One of my fondest memories of active politics was being privileged enough to attend – and speak at – the rally held in the Old Royal High school to re-start the Yes, Yes campaign for devolution in August 1997. It was a day to savour.
Jointly convened by Henry McLeish and Winnie Ewing, it marked the political debuts of David Hayman and Sean Connery. Both made very personal, aspirational speeches. Labour and SNP foes, sat cheek by jowl, having parked traditional enmities for the duration of the campaign. The late, great Bill Spiers, then Secretary General of the STUC, sat laughing and joking with Roseanna Cunningham. When Dougie MacLean sang Caledonia, there wasn’t a dry eye in the house.
The highlight was undoubtedly the arrival of Willie McIllvanney, Archie Fisher and other sundry members of their rackety, devolution charabanc that was setting off on a tour of the country to take the argument to the people with a mix of prose, craic, song and poetry. Wonderful.
A trip down memory lane is all very well but why I am wittering on about something that happened nearly twelve years ago?
Because it marked the turning point in the campaign, coming after a forced hiatus in activity caused by the death and funeral of Princess Diana. Everyone agreed (at least publicly) that it was inappropriate to continue electioneering in such circumstances; heck, the Scotland team was forced to postpone an important match so that the country could be seen to pay its respects. But the pause was a welcome one and it enabled the Yes, Yes team (officially called Scotland FORward) to gather its thoughts and re-enter the fray with renewed purpose. The ground was hit running that Sunday and no one looked back.
What happened was a five day campaign: everything that had gone before was irrelevant. The halt to active campaigning effectively wiped the slate clean. And recalling it all, while pleasant enough on its own, has got me wondering if the impending Royal nuptials might not result in a similar situation?
A recent survey (polls for elections; surveys for everything else) suggested that 80% of Scots couldn’t care less about “the wedding”. What, I wonder, are the other 20% thinking of? But to set it within the context of our (okay my) narrow view of all things Royal is to fall into a trap. This is a global event that will be watched by 2 billion people. It and its merchandise have flooded our airwaves and supermarket shelves, and while Scots will spend an average 50p each – someone, somewhere is welcome to mine – that still amounts to a quite staggering £2.5 million on tat and memorabilia.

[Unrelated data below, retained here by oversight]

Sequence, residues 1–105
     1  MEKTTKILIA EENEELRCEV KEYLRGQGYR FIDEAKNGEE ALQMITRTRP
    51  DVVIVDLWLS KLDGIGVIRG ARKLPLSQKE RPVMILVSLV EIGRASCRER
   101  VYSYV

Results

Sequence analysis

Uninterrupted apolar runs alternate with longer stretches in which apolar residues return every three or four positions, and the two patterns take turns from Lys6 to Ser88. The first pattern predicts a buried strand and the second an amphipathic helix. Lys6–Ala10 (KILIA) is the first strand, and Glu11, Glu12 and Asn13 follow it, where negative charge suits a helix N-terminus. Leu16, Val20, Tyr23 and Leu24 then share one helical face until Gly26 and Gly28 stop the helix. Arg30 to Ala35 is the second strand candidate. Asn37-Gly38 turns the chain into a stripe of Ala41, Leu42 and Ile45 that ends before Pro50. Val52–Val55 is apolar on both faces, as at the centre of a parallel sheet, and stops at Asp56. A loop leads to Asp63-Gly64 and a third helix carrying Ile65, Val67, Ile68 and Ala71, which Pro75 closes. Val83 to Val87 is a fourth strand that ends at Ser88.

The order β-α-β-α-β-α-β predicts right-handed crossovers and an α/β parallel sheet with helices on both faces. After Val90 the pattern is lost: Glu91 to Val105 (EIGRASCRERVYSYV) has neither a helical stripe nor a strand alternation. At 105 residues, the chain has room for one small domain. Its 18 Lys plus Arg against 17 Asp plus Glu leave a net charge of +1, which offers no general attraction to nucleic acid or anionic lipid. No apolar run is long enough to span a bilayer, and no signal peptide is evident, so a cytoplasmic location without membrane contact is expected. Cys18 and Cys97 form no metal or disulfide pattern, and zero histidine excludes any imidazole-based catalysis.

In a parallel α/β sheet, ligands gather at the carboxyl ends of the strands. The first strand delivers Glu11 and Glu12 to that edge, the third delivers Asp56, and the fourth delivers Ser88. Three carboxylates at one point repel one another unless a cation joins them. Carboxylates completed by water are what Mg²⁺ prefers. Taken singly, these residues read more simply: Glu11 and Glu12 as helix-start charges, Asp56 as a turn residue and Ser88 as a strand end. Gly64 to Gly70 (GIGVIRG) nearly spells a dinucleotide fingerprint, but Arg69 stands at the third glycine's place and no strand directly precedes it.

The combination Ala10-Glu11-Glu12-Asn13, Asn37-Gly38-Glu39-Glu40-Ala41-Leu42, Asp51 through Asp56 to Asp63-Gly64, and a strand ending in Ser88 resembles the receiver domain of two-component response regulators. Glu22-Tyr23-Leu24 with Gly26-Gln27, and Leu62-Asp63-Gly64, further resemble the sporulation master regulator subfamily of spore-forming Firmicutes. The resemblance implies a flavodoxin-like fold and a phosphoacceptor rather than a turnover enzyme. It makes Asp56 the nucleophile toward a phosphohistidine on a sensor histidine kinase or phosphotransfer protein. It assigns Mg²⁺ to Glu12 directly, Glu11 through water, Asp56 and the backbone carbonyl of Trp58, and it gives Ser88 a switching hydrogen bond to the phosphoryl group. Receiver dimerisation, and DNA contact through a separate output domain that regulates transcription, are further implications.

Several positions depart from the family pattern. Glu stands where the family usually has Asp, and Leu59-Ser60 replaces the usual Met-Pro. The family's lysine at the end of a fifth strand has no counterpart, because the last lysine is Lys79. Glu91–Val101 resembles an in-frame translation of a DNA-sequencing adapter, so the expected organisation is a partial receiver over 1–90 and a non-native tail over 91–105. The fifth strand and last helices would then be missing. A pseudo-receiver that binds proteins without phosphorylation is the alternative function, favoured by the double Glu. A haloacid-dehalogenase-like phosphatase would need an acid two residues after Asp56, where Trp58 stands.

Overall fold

Nothing is too tasteless it seems. Mugs, teatowels, T-shirts, umbrellas, plates, coins, and underpants. All of it wrapped in Unionjackery. Whether we like it or not, our country is going to be wrapped in the Union flag this Friday. We will be invited to rejoice in their and our union. The Royal Family, we will be reminded, brings us altogether in our shared values and whatnots. Just one big, happy island nation. One big, happy family no less. Better together, worse apart.
Only a major Royal event is capable of re-igniting long buried, ignored or barely conscious feelings of Britishness: this was something that exercised minds in 1997 as well.
The biggest threat to the SNP’s march to an historic second term was unlikely to involve a slip up from its campaign team. Nor its activists running out of steam, nor even the erstwhile First Minister putting his foot in it with a throwaway remark – some lessons are learned the first time round. The other parties have proven to be barely credible opponents in the battle for Holyrood, none of them capable of hiding their foibles and flaws under the bed, in the way that the SNP has skillfully done.
No, the real danger lies in events. And Friday provides the biggest test of them all. Given that we’ve all known about this one for months, and the media have helped to shift it to the top of the agenda in the last week or so, it will hardly have escaped the SNP leadership’s attention. They are a canny lot and they will have to be, if they are to prevent the Wedding spoiling their own coronation appointment with the Scottish people on 5 May.
The last thing the SNP wants is to wake up on Saturday morning to discover the campaign restarts from a new and very different place, for there is a real risk that the Royal Wedding will serve to remind many who are about to dabble with an SNP vote for the first time what it is the party truly stands for. If Labour had the sense and the balls, it would re-run the awful “divorce is an expensive business” billboards and adverts from 1999, from Saturday onwards.
The mistake the SNP must avoid is to dismiss the importance of the Wedding and indeed, its relevance to the campaign and to the mood of the nation. It matters not a jot to me and my likes, but it, the dress and all the details are the focus of water cooler, schoolgate and pub conversations all over the country. Funnily enough, there are millions of people in this country who do not live and breathe politics, but for whom the flotsam and jetsam of everyday life – its human interest – is far more important. Worse, another four day weekend will ensure that the wedding hangover and coverage continues to crowd out the election right up to the final days of the campaign.
It could blot out all that has gone before. It could raise notions of Britishness above those of Scottishness for the first time in a long time. It could derail the SNP’s juggernaut.
Come Saturday, we could be about to see a sensational shift in voter mood and the most thrilling finale to an election campaign in recent years. Since September 1997 in fact.